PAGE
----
At first, Thom Vetter didn’t like the idea of an electric mountain bike. The 70-year-old has been riding mountain bikes since “day one of mountain biking in the Wenatchee Valley,” and he didn’t see why — even as he approached his eighth decade in life — he would need an electric battery’s help to do what he loved. But then one riding friend got an electric bike, then another, until finally he realized he might not have a choice.
“I fought it. I really didn’t want to go there. I wanted to stay traditional, but I found out I couldn't keep up anymore,” Vetter said. “For me, it was a matter of finally having to let my pride down.”
Tired of getting left behind on the hills, Vetter and his wife switched to electric mountain bikes two years ago and they haven’t looked back since.
“I’ve gotten out and ridden a lot of miles now that I couldn't go do before,” Vetter said. “We wanted to be able to ride more terrain and ride faster. It allows us to access the mountain easier, get more miles in on the day.”
Electric bicycle technology has quickly advanced in recent years, packing more power and battery life into lighter components. And as Vetter’s experience shows, cyclists are increasingly trading their traditional bicycles for electrified rides.
Josh Eiffert, a sales manager at Arlberg Sports in Wenatchee, said there’s surging demand for electric bikes. He expects electric bicycles to be more common than traditional bicycles (referred to as “acoustic” bikes, like a guitar, in the cycling community) within five years.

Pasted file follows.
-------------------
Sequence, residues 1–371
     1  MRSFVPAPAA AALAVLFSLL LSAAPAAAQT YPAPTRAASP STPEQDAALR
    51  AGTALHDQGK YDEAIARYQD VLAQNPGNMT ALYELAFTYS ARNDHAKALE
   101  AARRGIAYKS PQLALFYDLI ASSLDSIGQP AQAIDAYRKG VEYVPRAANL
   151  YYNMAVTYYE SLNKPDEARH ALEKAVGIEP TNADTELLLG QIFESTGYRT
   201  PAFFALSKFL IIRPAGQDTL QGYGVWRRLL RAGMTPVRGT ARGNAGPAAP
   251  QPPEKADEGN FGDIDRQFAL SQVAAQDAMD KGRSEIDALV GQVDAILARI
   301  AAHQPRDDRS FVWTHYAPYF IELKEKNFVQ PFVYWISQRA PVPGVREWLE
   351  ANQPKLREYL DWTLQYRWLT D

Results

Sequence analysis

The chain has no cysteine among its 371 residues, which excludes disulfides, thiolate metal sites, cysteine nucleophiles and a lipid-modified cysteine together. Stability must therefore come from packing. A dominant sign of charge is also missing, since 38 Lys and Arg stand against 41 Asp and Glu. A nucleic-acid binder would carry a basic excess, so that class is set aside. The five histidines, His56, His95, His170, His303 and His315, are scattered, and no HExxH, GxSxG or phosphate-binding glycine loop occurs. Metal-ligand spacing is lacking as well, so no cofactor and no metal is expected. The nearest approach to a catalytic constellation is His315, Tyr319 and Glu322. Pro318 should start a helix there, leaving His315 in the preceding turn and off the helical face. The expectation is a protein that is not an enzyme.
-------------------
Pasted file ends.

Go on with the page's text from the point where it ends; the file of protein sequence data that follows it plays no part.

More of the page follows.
“A lot of people say, ‘Well, you’re cheating.’ But the one thing you are cheating is time,” Eiffert said. “This eliminates the amount of time it takes to do things. You can go faster, you can go further, you can go more times, and you can go more often.”
Electric bicycles are divided into three categories based on the capabilities of their electric motors. Most electric mountain bikes fall into the Class 1 category, which means the motor only turns on while you are pedaling and will stop helping you once you get to 20 mph.
Class 2 bikes have a throttle, allowing you to turn the motor on and ride up to 20 mph without pedaling. Class 3 bikes do not have a throttle, but their motors will engage while you’re pedaling and help you ride up to 28 mph.
Heather Mauseth said she has ridden mountain bikes all around the Wenatchee Valley for years but switched to an electric mountain bike to make it easier to ride further and do more back-to-back rides.
“I still have my standard bike, which I love, but I love this new world of fun and being able to do more,” she said. “When you want to ride multiple days in a row, it’s nice to have the opportunity to have fun and keep going, and I love the way it handles downhill.”
Electric bicycles have become a common sight across Wenatchee, from the Apple Capital Recreation Loop Trail to downtown roads and mountain trails. But e-bike regulations differ between various trails, so it’s best to confirm that electric bikes are allowed before planning on riding a specific trail.
Ace Bollinger, a Wenatchee local who takes his electric mountain bike around the entire state, said he hopes state laws change so electric mountain bikes will be allowed on more trails.
“We’re pushing at a statewide level to have all the trails open unless specifically designated as closed, and to have the local people that live in an area make the decisions,” Bollinger said. “These e-bikes don’t tear the trails up any more than an acoustic bike and we’re putting on more miles and more smiles.”